With all that input, Sides is amazed that the script wound up as tight as it did, though she does say it wasn't too difficult agreeing upon a final draft because she and Lynn have similar aesthetics, and "where they diverge and when we argue with each other ... that's when it gets good."
There were, inevitably, a few compromises. Lynn wanted to do something on the 1968 student riots in Paris, "but we only have five people" (in addition to the intrepid Dr. Narrator). "Five people rioting onstage just looks stupid." But the corps members agree this is the least-compromised piece they've done. For it to have such broad appeal at the same time is a vindication of all their hard work, a sign that it is possible to have a satisfying career in the theatre.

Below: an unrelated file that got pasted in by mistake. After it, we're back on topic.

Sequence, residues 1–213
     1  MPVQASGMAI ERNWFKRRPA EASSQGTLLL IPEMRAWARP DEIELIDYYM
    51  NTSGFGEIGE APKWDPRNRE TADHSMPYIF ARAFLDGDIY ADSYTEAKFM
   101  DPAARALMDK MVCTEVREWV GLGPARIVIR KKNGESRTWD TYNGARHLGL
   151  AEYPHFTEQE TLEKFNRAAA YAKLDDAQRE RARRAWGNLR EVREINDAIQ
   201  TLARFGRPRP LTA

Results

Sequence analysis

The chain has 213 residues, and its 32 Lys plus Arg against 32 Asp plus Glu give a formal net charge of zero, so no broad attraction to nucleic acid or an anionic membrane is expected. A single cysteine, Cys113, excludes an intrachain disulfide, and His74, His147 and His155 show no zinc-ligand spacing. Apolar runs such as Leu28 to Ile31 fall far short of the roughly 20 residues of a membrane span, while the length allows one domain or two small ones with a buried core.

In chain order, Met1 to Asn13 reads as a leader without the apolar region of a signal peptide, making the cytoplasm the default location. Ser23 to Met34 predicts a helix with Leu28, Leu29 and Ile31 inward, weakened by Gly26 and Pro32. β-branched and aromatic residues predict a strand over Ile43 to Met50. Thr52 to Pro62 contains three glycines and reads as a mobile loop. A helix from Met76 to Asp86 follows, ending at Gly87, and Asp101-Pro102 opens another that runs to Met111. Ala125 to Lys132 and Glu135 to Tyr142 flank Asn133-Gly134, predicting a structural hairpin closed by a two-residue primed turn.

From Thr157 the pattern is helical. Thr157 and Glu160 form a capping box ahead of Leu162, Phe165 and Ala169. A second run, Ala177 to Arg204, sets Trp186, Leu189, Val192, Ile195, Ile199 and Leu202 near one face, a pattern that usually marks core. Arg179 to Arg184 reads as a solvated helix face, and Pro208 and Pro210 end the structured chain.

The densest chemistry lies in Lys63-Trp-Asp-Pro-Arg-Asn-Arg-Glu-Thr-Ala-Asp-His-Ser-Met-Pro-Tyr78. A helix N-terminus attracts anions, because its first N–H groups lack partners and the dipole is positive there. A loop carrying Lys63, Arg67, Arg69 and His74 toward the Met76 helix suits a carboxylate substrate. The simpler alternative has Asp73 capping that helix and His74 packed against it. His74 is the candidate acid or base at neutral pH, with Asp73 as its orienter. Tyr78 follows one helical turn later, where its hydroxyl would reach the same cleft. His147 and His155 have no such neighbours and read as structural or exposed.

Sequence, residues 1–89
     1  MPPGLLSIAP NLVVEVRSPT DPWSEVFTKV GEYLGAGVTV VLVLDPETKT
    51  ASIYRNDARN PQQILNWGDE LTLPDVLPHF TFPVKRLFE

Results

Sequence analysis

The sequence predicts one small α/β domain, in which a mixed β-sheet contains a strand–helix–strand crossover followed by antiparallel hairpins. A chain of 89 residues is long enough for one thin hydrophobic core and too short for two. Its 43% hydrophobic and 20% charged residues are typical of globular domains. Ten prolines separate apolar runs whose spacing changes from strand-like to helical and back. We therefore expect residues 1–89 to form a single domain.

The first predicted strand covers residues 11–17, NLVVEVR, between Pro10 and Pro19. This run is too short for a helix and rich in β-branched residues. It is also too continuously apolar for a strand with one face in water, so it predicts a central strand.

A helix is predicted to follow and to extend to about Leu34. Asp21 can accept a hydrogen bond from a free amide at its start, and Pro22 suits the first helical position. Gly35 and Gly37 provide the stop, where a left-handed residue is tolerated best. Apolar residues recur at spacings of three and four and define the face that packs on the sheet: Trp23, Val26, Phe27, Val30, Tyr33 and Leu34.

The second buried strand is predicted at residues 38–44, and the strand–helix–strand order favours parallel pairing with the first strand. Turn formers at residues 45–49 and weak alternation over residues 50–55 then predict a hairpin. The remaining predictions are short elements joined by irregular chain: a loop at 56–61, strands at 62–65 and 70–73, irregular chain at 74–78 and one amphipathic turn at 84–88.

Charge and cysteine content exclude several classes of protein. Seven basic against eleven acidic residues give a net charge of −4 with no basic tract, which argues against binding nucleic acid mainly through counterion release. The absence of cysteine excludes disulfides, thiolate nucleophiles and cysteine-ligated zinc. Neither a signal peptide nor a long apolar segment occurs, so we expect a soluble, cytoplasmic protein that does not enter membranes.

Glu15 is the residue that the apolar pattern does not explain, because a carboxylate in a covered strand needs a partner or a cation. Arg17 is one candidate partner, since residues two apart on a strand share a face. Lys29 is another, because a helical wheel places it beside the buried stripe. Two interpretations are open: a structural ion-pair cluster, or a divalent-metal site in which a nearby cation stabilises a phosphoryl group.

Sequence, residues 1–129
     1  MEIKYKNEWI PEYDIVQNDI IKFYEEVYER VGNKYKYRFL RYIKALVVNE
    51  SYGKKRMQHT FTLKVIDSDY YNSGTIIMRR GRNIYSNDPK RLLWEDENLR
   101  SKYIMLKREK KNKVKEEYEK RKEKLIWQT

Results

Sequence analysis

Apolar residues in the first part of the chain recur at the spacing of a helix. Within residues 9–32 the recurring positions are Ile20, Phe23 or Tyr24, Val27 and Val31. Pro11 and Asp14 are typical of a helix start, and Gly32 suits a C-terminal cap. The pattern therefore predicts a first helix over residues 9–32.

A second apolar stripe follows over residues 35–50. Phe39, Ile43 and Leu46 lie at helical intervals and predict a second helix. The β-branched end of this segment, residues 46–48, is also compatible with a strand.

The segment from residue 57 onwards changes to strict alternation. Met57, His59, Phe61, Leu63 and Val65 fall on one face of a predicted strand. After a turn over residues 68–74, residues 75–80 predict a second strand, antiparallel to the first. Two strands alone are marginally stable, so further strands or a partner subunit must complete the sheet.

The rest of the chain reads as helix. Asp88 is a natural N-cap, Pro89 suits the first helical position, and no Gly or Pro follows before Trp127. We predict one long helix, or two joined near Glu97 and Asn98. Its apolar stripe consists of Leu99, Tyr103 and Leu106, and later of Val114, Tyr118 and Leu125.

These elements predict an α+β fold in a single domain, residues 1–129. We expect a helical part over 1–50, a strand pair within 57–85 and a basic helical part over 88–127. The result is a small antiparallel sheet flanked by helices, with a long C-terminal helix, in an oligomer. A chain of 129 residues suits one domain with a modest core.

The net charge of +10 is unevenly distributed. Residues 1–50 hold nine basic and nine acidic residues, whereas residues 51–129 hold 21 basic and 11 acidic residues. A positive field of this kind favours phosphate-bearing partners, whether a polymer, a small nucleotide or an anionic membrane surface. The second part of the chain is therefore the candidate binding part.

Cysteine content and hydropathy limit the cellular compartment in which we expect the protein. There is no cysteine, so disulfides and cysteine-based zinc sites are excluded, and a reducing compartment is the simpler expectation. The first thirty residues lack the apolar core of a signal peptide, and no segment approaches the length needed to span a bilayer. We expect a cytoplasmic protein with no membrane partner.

The Rude Mechanicals' first glimpse of what it would be like to live the life of the artist full time (without day jobs) occurred when they took Lipstick Traces to New York last year just before the Austin run. On her way to the airport to fly to New York, straggler Richardson stopped by the company office (the one before the Rudes took over the Off Center) and found an eviction notice on the door. (Apparently, the person from whom they were subletting the space hadn't been passing along their rent checks.) But as bills and messy business situations were piling up back home, the Rude Mechs were experiencing their most intense week ever as a company, staying up all night, going to sleep for four hours, then waking up to build the set and rehearse. They did three sold-out shows and nailed each one.